Big winter storm exits North Bay with more flooding, hail and snow
The winter storm that has battered the North Bay for much of the week landed its final blows Friday, with hail and even some snow punctuating a system that led to widespread flooding and road closures, including highways serving Sonoma, Marin and Napa counties.
The 24-hour rainfall total by Friday evening — at more than an inch in the hills west of Healdsburg and half as much in downtown Santa Rosa — didn’t measure up to previous days in the storm, the biggest of the winter. But the accumulated runoff pushed the lower Russian River to a crest of nearly 35 feet early Friday morning in Guerneville. Flood stage is 32 feet in the area.
The storm also caused flooding outside of Novato that closed westbound Highway 37, likely for a week or more, officials said late Friday. A rock slide shut a segment of Highway 128 between the intersection with Highway 121 in Napa County and the western outskirts of Winters in Yolo County.
Tahoe-bound travelers were stalled by another round of heavy snowfall and poor visibility that closed Interstate 80 and Highway 50 for hours ahead of a three-day holiday.
The cold front that pushed in behind the storm’s warmer, moisture-laden atmospheric river also led to snow falling on Highway 1 in coastal Mendocino County, and on the Mayacamas Mountains dividing Sonoma and Lake counties.
Since Tuesday, the storm has dumped 13.84 inches on the region’s wettest spot, Venado, in the hills west of Healdsburg. The total at Charles M. Schulz-Sonoma County Airport was 5.52 inches.
The region’s two main reservoirs, Lake Sonoma and Lake Mendocino, have absorbed more than their seasonal capacity for this time of year, with both at more than 100 percent, triggering releases to restore room for flood storage.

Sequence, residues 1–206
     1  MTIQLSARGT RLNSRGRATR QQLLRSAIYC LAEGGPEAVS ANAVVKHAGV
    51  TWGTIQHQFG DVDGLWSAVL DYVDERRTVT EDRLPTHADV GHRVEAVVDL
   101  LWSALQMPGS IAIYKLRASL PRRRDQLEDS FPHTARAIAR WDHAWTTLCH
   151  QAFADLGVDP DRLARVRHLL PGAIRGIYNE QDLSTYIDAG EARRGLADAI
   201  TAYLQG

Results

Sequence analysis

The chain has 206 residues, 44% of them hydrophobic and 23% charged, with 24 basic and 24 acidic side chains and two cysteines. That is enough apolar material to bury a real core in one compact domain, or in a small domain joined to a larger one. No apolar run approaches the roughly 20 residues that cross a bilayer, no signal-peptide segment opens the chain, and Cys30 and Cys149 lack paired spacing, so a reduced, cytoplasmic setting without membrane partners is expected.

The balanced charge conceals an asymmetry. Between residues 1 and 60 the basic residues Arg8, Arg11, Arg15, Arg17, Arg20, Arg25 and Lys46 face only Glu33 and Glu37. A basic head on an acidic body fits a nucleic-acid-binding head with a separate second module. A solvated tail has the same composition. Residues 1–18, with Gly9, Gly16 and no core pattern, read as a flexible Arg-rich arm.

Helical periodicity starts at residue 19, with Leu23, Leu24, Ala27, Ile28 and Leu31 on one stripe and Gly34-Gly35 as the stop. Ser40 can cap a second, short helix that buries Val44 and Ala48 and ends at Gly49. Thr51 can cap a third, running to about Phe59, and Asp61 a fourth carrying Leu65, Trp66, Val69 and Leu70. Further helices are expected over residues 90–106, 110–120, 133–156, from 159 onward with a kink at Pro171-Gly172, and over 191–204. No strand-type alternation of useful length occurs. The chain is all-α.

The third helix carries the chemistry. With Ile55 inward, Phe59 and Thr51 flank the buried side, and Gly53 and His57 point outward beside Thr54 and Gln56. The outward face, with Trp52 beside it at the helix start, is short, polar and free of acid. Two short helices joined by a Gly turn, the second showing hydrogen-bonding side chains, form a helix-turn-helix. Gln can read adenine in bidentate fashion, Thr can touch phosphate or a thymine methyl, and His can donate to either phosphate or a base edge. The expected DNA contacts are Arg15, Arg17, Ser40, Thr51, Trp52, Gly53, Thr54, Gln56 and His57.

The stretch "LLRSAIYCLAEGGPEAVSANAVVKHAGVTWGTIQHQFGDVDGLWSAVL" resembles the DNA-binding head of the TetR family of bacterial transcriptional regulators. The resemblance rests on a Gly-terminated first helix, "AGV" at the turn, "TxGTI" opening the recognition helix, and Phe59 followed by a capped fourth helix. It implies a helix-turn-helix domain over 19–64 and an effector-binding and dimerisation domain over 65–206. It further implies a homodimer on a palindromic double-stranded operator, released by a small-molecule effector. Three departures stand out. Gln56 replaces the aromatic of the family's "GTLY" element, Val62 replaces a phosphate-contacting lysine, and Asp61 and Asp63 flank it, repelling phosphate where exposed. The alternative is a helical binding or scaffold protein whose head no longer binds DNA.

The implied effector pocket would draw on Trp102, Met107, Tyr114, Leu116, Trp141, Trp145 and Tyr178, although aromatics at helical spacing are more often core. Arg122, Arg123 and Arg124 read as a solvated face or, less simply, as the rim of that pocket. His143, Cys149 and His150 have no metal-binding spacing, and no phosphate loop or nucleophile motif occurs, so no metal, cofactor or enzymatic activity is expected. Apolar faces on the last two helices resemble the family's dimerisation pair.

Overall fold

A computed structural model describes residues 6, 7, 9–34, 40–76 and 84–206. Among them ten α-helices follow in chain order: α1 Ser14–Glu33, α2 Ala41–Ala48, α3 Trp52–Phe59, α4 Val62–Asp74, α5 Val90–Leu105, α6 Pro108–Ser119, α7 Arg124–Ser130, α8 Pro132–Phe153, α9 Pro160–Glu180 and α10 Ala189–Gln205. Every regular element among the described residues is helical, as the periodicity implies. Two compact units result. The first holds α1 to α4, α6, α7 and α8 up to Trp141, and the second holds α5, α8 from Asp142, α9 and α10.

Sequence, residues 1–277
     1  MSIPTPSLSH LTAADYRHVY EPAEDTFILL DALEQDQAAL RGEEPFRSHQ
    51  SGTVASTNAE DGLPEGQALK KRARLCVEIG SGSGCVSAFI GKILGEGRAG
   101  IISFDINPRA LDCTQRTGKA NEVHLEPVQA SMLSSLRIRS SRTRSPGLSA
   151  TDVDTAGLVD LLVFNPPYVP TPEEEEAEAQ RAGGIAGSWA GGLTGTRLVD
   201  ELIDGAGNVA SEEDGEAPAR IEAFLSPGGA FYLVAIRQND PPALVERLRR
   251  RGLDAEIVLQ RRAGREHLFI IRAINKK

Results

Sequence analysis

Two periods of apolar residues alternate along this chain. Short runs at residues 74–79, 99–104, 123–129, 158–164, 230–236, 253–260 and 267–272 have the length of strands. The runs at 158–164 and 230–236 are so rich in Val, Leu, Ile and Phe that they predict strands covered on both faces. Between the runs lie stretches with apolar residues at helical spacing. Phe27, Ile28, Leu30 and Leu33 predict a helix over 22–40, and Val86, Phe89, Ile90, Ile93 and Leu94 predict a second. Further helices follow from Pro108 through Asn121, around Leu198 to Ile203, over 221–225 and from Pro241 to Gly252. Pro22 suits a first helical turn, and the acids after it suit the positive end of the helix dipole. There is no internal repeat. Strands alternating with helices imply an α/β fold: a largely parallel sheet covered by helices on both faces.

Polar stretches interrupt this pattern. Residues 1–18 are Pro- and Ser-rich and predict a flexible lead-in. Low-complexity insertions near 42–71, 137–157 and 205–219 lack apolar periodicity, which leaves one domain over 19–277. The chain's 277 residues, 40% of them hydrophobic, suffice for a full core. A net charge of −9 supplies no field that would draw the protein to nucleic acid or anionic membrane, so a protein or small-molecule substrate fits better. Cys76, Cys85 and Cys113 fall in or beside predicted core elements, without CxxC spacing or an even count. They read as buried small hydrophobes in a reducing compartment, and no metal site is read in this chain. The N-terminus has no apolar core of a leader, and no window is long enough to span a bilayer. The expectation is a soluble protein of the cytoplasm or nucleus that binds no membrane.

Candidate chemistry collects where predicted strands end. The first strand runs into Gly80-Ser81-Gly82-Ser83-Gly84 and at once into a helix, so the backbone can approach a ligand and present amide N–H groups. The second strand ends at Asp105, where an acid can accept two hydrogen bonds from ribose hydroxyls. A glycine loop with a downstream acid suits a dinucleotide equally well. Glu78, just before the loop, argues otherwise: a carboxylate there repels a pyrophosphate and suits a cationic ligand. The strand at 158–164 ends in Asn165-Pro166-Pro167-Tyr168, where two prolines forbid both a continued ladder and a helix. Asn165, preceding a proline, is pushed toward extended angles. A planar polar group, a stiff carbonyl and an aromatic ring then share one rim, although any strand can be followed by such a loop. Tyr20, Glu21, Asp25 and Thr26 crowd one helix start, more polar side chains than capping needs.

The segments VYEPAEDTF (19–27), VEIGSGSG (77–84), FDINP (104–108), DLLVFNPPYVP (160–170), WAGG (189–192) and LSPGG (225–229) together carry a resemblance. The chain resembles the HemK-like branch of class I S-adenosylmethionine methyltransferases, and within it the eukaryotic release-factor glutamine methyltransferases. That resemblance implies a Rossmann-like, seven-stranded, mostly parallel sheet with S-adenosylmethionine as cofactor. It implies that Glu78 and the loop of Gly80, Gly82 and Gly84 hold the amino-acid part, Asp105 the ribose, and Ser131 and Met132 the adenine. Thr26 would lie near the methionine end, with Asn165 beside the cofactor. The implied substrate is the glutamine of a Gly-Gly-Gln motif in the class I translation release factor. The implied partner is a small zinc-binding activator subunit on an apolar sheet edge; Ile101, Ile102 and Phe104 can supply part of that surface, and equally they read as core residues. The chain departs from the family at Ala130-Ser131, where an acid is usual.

Lake Sonoma reported 112 percent of capacity, while Lake Mendocino was at 126 percent.
Nick Malasavage, chief of operations and readiness at the Army Corps of Engineers office in San Francisco, said the levels will come down starting Saturday as dam managers release water back into the Russian River watershed after the flood danger passes. The week’s storm came and went with the expected amount of rainfall and caused no unusual issues, he said.
“Through the storm, we were releasing a minimal amount of water. I don’t want to casually call it routine operations, but that’s what the facilities are designed for,” he said. “There was not anything specific that set the storm different or aside from other storms of this magnitude.”
About 14 roads in Sonoma County remained fully or partly closed Friday evening. They included snow-draped Pine Flat Road in Healdsburg, San Antonio Road in Petaluma and Mark West Station Road in Windsor.
After it crested at 1 a.m. Friday, the Russian River began to subside, reaching a projected 29 feet by 10 p.m., the National Weather Service reported.
Aside from debris in roads and a few mudslides, the storm hadn’t caused many issues in the lower river area, said Monte Rio Fire Chief Steve Baxman.
“The good news for this high-water exercise is nobody got hurt and there was no major damage to any houses, so we’re ahead of the game,” Baxman said.
Three school districts — Dunham Elementary, Monte Rio and Guerneville — were closed Friday, the Sonoma County Office of Education reported.
Rain is expected to linger through the weekend in the North Bay, with showers tapering off by Saturday afternoon.